Yesterday we practiced laying down any preconceived notions we have about the Holy Spirit that don’t align with how Jesus describes Him. But this is not a one-time action. You will likely have to revisit that practice multiple times as you build your relationship with the Spirit. Give yourself grace to continue laying them down, even if it is weeks, months or years into your new relationship with the Spirit. If this seems especially difficult, seek guidance from a trusted mentor or pastor.

With that in mind, let’s move forward into praying in the Spirit. Jesus says the Spirit is already dwelling within us (John 14:17). Romans tells us the Spirit understands our soul so well that He intercedes for us in prayer:

“Likewise, the Spirit helps us in our weakness. For we do not know what to pray for as we ought, but the Spirit Himself intercedes for us with groanings too deep for words. And He who searches hearts knows what is the mind of the Spirit, because the Spirit intercedes for the saints according to the will of God.” (Romans 8:26-27).

Imagine a relationship so intimate that you don’t need words to communicate. They know exactly what’s on your heart, maybe even before you do. These kinds of relationships are the deepest of our lives. This is how we can relate with the Spirit.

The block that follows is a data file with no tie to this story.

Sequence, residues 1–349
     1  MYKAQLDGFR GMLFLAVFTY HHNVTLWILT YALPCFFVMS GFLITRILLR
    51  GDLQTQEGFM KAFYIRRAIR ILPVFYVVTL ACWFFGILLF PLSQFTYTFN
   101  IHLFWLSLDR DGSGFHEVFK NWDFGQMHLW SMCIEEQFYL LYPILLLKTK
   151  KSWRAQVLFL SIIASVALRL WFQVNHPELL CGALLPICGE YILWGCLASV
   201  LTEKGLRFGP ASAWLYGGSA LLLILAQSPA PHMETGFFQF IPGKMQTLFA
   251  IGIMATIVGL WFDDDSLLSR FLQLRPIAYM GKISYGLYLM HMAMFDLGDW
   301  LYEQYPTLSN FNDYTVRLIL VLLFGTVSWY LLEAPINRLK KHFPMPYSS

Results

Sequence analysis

“[This kind of prayer] is an invitation to deeper levels of intimacy that will move us beyond communication, which primarily involves words and concepts, into communion, which is primarily beyond words. If there are any words at all, they are reduced to the simplest and most visceral expressions.” – Ruth Haley Barton

When we understand the intimacy of the Spirit, we move from communication and into communion, a prayer that reaches the innermost groanings of your soul.

Practice: Set aside time to commune with the Holy Spirit. This could mean starting with prayer through words/thoughts, and then quieting your mind, trusting that the Spirit will pray on your behalf. Give yourself grace; this kind of communion takes time to cultivate.  If sitting in quiet is too hard at first, try writing out your prayers until you can quiet yourself enough to let the Spirit move without words.